It's just wonderfully, wonderfully enriching learning about these things. While I agree about the gut level reaction to art raging_glory mentions, there are two sides to every coin, and those refusing to look at it might well miss out on a vast field of Dylanesque playfulness.
I've long had a sneaking suspicion that the Siamese twins coming to town in Honest With Me just might be the same fellows...
I beleive that there are Siamese twins in "Tweedle Dee & Tweedle Dum," but that they are not fellows - they are female. It has to do with the line "His Master's voice is calling me." In the 1932 film Freaks
conjoined twin Violet Hilton of the Hilton Sisters says, regarding her sister, "Her master's voice is calling."
I do not think that this is a stretch considering Dylan's interest in sideshow, the line about Siamese twins in "Honest With Me" as well as Dylan's long history of incorporating film dialogue into his lyrics.
A new article titled "Tell-Tale Signs - Edgar Allan Poe and Bob Dylan: Towards a Model of Intertextuality" by Christopher Rollason presents a doubling that I had not seen noted anywhere previously:
"...in the song ‘Tweedle Dee & Tweedle Dum’ (itself about doubling) the line 'he’ll stab you where you stand' (Dylan 2004b: 579-580, line 30), which is lifted straight from the climax of ‘William Wilson’, when Wilson challenges his double: 'Follow me, or I stab you where you stand' (Poe 1978e: 446)."
You can find Rollason's article at http://www.atlantisjournal.org/ARCHIVE/ ... llason.pdf
The song is loaded with other hidden twins, pairs and doubles.
Pairs previously suggested in the song are Jenny and Hannah Hellman, the aunts of Lillian Hellman. The line "Lot of things they'd like they would never buy" seems to be based on a passge from Lillian Hellman's memoir Pentimento
that includes, "Nicest of all was to take a small piece of all the Hollywood money and buy them new winter coats and dresses at Maison Blanche, to be delivered after I left for fear that they'd make me return them if I were there, and then to go along to Solari's, the fine grocers, and load a taxi with delicacies they liked and would never buy...
That passage, including the elipsis, is excerpted in the travel guide New Orleans
by Bethany Bultman, a book that seems to have have appealed to Dylan. Many phrases in "Tweedle Dee & Tweedle Dum" seem to be gleaned from her book, for instance Bultman writes, "Food is served family-style, dripping in garlic and olive oil
. Extremely difficult to find; check your map. $$$"" and "The social clubs assume all the expense of the parade, including hiring the bands. Bands can cost well over $1,000, and the police escorts and parade permits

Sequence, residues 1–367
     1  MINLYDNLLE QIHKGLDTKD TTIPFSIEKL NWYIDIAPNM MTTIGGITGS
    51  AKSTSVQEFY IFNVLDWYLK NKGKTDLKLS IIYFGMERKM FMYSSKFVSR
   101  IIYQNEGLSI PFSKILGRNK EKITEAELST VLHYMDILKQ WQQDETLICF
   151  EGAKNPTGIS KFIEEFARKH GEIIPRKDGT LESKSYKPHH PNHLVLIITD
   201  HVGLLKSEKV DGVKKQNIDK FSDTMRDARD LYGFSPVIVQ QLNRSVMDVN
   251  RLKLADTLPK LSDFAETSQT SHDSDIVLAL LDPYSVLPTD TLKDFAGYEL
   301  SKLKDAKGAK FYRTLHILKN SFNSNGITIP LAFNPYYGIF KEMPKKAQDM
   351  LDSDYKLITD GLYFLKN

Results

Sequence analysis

cost over $1,500." He also appears to have returned to her book a number of times while writing Chronicles
In the song Dylan sings, "My pretty baby, she's lookin' around/She's wearin' a multi-thousand dollar gown."
In New Orleans
Bultman writes, "At the other end of the spectrum are the gay balls - a combination of Las Vegas and the Lido with just a dash of camp thrown in. They're presided over by a grand female-impersonating queen in a multi-thousand-dollar gown
That is perhaps another duo in the song; the male/female dichotomy of the drag queen.
Another pair in "Tweedle Dee & Tweedle Dum" regards an 1856 minstrel show sketch called Box and Cox
. The story involves a scheming landlady who rents out the same apartment to two men, one who works days and one who works nights, without telling one about the other.
"Tweedle Dee & Tweedle Dum":
"Tweedle-dee Dum said to Tweedle-dee Dee/'Your presence is obnoxious to me'."Box and Cox
Box: (Looking significantly at Aunty B.): Well, I oughter hab, dat's a fac', for I pays for it. So if you's no dejections, I'll just remark dat your presence is obnoxious to me - I wants to go to bed.
"Tweedle Dee & Tweedle Dum":
"'I've had too much of your company,'/Says, Tweedle-dee Dum to Tweedle-dee Dee" Box and Cox
Box: No mam! I've had too much of your company already. Vamoose!
"Uncle John's Bongos," the song that Dylan based the music of "Tweedle Dee & Tweedle Dum" on, is by Johnnie & Jack - another duo (if you've never heard Johnnie & Jack's "Humming Bird," a song that Dylan was playing live a few years back, check it out here - http://www.youtube.com/watch?v=2dMiJ2Vm164
Kudos to Rollason for finding the Poe connection. I wonder what other secrets may still be hidden in the song.